The limitations of this procedure include:
- It cannot be performed, if the patient suffers from a urinary tract infection
- The procedure cannot be used to detect or evaluate obstruction of urine flow from kidneys
What are some Questions for your Physician?
Some of the basic questions that you might ask your healthcare provider or physician are as follows:
- What is a Pediatric Voiding Cystourethrogram procedure?
- Why is this procedure necessary? How will it help?
- How soon should I get it done? Is it an emergency?
- Who are the medical personnel involved in this procedure?
- Where is the procedure performed?
- What are the risks while performing the procedure?
- What are the complications that might take place, during recovery?
- What are the possible side effects from the procedure? How can I minimize these side effects?
- How long will it take to recover? When can I resume normal work?
- How many such procedures have you (the physician) performed?
- Are there any lifestyle restrictions or modifications required, after the procedure is performed?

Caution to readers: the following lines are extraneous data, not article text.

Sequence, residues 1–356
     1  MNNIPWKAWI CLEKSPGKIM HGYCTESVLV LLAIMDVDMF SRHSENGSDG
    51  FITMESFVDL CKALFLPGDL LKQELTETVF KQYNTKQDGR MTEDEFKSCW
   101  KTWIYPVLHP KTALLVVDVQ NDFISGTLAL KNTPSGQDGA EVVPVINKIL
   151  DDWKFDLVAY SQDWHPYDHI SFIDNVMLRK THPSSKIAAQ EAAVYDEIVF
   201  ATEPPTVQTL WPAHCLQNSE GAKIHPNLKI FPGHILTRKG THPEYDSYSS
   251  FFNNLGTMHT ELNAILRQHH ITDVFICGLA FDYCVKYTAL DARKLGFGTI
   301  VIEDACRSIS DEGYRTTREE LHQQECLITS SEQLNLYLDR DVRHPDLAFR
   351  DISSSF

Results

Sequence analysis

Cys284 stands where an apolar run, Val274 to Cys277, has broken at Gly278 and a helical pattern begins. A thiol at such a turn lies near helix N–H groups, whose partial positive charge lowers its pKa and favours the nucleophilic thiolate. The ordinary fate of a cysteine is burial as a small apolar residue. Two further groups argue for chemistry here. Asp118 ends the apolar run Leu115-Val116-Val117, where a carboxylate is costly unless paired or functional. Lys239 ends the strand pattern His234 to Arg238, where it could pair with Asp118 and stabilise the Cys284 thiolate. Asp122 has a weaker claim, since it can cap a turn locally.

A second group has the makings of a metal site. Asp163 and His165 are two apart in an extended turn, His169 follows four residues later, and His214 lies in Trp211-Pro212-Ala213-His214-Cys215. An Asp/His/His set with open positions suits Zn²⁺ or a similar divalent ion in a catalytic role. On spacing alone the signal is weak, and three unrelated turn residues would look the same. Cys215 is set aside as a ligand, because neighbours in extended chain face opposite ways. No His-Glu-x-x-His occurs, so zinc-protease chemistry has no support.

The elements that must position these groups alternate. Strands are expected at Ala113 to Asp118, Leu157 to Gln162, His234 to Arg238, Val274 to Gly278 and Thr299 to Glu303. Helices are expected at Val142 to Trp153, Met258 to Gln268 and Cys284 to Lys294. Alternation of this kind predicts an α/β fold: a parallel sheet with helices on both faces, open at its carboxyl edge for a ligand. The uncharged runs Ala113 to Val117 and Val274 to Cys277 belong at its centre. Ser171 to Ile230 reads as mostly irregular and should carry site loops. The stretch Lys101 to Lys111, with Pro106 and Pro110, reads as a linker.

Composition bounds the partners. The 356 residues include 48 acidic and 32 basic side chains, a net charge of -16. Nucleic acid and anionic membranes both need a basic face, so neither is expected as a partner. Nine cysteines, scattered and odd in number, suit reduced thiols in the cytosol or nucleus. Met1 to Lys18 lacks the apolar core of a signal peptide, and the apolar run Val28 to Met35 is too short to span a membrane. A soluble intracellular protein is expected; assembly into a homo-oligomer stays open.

- Are there any follow-up tests, periodic visits to the healthcare facility required, after the procedure?
- Is there any medication that needs to be taken for life, after the procedure?
- What are the costs involved?
During the Pediatric Voiding Cystourethrogram radiology procedure:
What is to be expected during the Pediatric Voiding Cystourethrogram radiology procedure?
The patient may experience slight discomfort at the time of catheter insertion and when the bladder is filled completely with a contrast material.
What kind of Anesthesia is given, during the Procedure?
Since the Pediatric VCUG procedure is a minimally invasive procedure, anesthesia is rarely used during the procedure.
How much Blood will you lose, during the Procedure?
Since the procedure is a minimally invasive procedure, the blood loss involved during the procedure is minimal.
What are the possible Risks and Complications during the Pediatric Voiding Cystourethrogram radiology procedure?
Rarely, there may be an allergic reaction from the contrast dye used in the preparations.
What Post-Operative Care is needed at the Healthcare Facility after the Pediatric Voiding Cystourethrogram radiology procedure?